Then there was the sport of rowing itself, which Brown knew almost nothing about. He began “hanging out at the shell house at the University of Washington,” talking to crewmembers. He reached out to rowers across the country. He met with Stan, son of George Pocock, who was second only to coach Al Ulbrickson as a key figure in the Washington crew’s victory.

Pocock’s skill at designing and building racing shells was matched only by his deep wisdom about the sport, and quotes by him begin every chapter of the book – a detail that readers love, said Brown.

The more Brown learned about rowing, the more he came to appreciate it.

“It struck me as really strange at first, because I think my initial impression was rowing was pretty boring,” he said. “(But) it intrigued me as I talked to all these rowers how passionate they were about it. And that drew me in.”

Another of the book’s cast of characters that ensnared Brown was the Great Depression. As he did with the sport of rowing, Brown immersed himself in the era, spending days at the University of Washington’s Suzzella Library, “poring over microfilm copies of Seattle newspapers from the 1930s.”

He read about the shows in town, sporting events, political issues, until “in my head I was living in Seattle in 1933, ’34, ’35.”

Nor did Brown stop there. To get a better feel for Germany in the years leading up to World War II, he spent a week in Berlin, visiting the Olympic stadium and the rowing course at Grunau. He went to museums and read half a dozen books about the Third Reich, all “so when the story lines come together at the end, you sense that it matters a lot whether this American boat beats this German boat or not.”

In the end, the Washington boys had to fight tooth and nail against unfavorable winds, an even worse position on the racecourse, and a stroke oarsman who was battling pneumonia even as the crew crossed the finish line.

It was another in a series of instances where determination was buoyed by destiny.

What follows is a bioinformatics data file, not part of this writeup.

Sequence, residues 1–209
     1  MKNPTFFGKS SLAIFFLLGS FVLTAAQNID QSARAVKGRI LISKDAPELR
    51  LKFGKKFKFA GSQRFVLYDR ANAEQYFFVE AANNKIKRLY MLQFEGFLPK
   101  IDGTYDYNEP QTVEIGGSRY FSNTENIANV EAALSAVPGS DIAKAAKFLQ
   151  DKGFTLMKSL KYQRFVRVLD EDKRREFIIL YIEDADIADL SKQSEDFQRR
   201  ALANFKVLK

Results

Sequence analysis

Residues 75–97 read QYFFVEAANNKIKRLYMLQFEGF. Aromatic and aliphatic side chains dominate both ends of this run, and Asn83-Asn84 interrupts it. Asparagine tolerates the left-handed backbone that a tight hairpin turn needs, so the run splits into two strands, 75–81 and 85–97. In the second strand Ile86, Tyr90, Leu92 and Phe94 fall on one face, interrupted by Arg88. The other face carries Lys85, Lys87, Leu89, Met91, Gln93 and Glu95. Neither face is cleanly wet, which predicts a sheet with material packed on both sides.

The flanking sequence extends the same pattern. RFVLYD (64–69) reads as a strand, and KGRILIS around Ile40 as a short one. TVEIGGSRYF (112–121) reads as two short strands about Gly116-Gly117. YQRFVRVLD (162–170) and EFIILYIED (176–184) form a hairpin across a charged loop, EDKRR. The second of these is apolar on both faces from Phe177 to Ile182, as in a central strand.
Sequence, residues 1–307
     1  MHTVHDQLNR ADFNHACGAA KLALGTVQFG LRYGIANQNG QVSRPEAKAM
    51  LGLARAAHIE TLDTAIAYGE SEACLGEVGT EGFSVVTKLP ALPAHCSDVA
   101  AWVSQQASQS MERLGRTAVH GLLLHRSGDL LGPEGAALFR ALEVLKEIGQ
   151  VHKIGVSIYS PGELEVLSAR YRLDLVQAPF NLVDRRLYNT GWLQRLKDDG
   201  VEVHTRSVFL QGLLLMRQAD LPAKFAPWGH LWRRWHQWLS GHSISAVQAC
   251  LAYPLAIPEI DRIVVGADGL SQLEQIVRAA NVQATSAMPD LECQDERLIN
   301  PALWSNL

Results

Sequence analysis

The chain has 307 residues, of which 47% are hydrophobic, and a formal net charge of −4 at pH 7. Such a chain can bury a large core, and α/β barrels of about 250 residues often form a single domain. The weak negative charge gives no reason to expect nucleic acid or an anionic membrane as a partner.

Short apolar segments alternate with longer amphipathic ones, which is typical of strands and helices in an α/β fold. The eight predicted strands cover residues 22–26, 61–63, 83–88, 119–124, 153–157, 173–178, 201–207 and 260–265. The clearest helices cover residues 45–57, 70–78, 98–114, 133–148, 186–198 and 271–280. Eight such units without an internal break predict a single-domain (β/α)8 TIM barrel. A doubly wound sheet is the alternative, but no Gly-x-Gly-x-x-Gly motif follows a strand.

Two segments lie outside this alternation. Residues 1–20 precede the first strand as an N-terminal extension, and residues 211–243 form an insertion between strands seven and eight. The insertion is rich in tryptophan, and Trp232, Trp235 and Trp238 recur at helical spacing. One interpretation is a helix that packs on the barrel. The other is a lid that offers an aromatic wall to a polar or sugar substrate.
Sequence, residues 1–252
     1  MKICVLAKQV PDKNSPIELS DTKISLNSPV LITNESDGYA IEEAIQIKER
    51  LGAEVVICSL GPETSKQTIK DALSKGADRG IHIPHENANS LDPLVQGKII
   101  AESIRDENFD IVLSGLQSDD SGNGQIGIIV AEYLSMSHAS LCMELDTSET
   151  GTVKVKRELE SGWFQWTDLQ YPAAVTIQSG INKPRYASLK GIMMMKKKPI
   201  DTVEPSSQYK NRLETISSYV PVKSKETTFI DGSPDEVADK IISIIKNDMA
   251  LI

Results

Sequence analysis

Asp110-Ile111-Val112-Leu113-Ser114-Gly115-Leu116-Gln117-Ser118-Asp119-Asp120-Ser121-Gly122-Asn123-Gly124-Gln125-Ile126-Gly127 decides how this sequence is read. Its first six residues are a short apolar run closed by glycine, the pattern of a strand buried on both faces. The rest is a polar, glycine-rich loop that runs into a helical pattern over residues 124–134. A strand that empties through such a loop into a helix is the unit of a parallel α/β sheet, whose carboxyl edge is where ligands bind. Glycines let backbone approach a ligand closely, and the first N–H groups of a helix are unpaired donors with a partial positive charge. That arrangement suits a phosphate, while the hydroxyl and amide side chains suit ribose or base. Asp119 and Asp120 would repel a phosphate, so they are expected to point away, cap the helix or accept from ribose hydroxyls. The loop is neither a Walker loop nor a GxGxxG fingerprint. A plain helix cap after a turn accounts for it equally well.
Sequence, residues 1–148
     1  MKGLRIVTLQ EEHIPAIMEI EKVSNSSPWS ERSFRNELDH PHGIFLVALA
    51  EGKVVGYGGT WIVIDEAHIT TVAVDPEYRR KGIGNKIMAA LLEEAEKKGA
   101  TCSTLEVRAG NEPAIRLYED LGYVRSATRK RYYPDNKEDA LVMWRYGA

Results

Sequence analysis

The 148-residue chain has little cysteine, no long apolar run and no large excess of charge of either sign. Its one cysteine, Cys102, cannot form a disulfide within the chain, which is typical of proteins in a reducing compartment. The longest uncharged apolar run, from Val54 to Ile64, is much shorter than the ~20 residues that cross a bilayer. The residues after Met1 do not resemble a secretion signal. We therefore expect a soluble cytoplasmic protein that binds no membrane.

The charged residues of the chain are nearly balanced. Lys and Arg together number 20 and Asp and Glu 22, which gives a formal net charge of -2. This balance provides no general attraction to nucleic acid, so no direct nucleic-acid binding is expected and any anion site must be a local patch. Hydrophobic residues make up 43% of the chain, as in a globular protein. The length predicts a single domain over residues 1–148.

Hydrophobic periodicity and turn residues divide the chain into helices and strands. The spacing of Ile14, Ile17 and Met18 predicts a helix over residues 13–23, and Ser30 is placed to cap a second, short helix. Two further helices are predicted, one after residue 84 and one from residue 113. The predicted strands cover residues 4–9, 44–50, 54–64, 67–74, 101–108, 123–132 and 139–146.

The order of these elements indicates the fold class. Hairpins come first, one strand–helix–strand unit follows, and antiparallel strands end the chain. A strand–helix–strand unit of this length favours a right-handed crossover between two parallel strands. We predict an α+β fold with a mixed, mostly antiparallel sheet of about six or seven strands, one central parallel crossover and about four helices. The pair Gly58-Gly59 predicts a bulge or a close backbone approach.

“Basically it just fell together…and it really did feel extraordinarily serendipitous,” Brown said. He was talking about the events that led up to his writing the book, but the same could be said about the journey of the boys aboard that historic boat.

The book’s success has propelled Brown across the country to attend signings and give talks about teamwork to staff at companies like Microsoft and BNY Mellen. Earlier this year, The Weinstein Company, which produced the Academy Award-winning “The King’s Speech,” bought the movie rights for the book.

But Brown finds his greatest satisfaction in having spread the word about the sport of rowing. He said that the rowers he’d spoken to over the course of his research “almost universally” felt that their sport has been neglected.

He feels privileged to be a voice for the rowing community, and particularly for the families of Don Hume, Bobby Moch, George “Shorty” Hunt, Jim “Stub” McMillin, Roger Morris, Gordon Adam, Chuck Day, John White, Jr. and Joe Rantz, the boys in the boat.

“The best part for me was actually finishing and handing the book out to these nine families,” said Brown of the project that began six years ago, when he first met Rantz. “They were just, and still are, so excited about it and so proud to have this story told.

“There were lots of tears.”